This week I’ve been in Hwaseong city, Korea for the Hwaseong International Dinosaurs Expedition Symposium. I started this blog back in 2010 as a way to document my experiences working in the dino lab in Hwaseong, and so it was wonderful to be able to return more than three years later and see what’s new. The symposium highlights research following the conclusion of the five-year Korea-Mongolia International Dinosaur Project. Many thanks to Dr. Yuong-Nam Lee, the city of Hwaseong, and all of the other organizers and staff who invited us to present our work at this excellent conference!It was a special treat to see the new ankylosaur skeleton prepared and mounted in the lobby of our hotel! Watch out Tarbosaurus, you’re about to get a face full of tail club.
Month: December 2013
Paleo201 comes to an end
The first offering of Paleo201, Dinosaurs in the Fossil Record, essentially comes to an end today with the final field trip of the semester. The students will have their exam later in December.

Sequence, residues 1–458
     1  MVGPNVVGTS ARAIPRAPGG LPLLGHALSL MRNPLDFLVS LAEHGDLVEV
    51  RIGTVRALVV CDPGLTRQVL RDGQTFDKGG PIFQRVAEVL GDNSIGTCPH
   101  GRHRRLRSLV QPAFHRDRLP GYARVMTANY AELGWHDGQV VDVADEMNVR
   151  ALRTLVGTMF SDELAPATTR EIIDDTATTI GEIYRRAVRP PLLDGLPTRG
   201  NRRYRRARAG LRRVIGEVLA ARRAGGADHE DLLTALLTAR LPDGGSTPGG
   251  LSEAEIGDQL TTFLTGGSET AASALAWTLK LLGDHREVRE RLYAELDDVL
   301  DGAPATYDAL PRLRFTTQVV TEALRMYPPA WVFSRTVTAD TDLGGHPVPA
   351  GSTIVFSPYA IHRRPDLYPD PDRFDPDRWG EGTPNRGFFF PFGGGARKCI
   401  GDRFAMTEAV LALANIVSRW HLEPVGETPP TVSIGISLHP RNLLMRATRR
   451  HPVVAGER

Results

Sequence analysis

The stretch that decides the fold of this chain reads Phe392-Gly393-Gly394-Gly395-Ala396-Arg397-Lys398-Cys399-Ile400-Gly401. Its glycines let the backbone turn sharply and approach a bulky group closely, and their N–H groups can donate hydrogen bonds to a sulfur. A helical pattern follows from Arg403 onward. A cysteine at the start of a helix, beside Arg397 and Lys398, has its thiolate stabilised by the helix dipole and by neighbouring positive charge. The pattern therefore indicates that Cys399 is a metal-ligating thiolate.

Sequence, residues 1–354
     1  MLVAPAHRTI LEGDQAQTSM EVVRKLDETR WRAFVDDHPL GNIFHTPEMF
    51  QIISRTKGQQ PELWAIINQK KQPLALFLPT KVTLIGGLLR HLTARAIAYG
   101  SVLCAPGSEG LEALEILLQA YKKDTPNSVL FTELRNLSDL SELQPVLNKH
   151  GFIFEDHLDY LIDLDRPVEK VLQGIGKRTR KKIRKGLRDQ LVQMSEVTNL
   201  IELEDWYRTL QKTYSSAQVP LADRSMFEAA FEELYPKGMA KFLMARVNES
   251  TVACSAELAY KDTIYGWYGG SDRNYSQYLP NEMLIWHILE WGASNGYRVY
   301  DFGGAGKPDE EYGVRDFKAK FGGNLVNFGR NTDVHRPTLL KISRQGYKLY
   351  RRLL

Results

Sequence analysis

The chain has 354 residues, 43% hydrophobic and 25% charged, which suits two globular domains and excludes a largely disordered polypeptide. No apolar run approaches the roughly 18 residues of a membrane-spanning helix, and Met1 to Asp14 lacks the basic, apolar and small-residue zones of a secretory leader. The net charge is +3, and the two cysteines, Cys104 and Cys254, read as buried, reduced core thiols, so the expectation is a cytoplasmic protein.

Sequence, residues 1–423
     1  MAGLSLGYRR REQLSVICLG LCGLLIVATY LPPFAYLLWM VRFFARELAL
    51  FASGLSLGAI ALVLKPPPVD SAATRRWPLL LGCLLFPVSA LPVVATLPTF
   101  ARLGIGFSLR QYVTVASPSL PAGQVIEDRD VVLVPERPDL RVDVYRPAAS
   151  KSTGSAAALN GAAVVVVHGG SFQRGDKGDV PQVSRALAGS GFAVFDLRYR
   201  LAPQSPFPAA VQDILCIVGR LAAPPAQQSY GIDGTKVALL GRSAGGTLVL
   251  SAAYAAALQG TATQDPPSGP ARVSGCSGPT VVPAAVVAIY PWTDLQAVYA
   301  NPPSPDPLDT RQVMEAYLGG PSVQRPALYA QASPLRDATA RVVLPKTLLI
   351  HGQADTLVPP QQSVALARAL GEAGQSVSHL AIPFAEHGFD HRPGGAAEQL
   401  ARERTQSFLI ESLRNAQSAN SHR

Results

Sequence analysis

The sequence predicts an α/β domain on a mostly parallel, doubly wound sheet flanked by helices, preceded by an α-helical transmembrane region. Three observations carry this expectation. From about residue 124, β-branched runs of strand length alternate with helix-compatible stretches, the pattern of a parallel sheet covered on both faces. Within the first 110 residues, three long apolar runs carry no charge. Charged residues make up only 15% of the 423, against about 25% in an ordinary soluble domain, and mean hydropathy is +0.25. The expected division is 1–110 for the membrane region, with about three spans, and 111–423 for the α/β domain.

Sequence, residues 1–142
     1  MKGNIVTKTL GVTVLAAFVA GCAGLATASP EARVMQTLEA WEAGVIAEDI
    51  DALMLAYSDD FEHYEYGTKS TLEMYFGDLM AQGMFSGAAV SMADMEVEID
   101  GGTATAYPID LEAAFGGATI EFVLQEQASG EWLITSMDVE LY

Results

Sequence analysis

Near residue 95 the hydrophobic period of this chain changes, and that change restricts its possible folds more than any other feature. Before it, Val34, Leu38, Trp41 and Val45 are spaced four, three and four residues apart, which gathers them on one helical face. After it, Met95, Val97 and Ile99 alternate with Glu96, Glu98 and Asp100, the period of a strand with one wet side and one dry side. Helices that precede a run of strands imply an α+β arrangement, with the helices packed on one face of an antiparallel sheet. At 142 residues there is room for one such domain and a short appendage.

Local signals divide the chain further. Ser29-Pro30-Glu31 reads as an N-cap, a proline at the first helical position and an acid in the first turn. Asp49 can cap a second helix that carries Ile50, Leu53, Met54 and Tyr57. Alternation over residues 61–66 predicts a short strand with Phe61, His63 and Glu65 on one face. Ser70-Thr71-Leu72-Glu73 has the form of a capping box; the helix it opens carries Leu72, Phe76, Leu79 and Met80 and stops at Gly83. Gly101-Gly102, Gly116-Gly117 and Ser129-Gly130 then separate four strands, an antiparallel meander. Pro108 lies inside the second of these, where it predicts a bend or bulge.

Even though it is a lot of work to be involved in the creation of a new course, I think Paleo201 is a great addition to the University of Alberta’s paleontology offerings. Using the Dino101 content on Coursera, and pitched at an essentially first-year level (despite its 200 designation) for students from all faculties, Paleo201 is what’s called a blended learning course. We rely on the Dino101 course videos to deliver the base lecture content for the course, which means we typically only meet once per week for an in-class lesson. These lessons have included research talks by grad students in our labs on topics relevant to each week’s lesson. However, we also tried to break away from the lecture format for at least some of the in class lessons, to take advantage of some of the resources available on campus. One week we learned the basics of the rock cycle and general Canadian geology using the Department of Earth and Atmospheric Sciences Geoscience Garden, an installation of rocks from around Canada arranged in a particular fashion for students to learn basic mapping skills. And last week we did tours of the Paleontology Museum and our prep labs, including sneak peeks of some cool up and coming research projects. FUN FACT: Our Dunkleosteus skull cast was ranked higher than the dinosaur specimens in my highly scientific ‘what did you find most interesting’ poll. Blindingly obvious take-home message for instructors: Students like new things and surprises, and dinosaurs are not necessarily the be-all and end-all!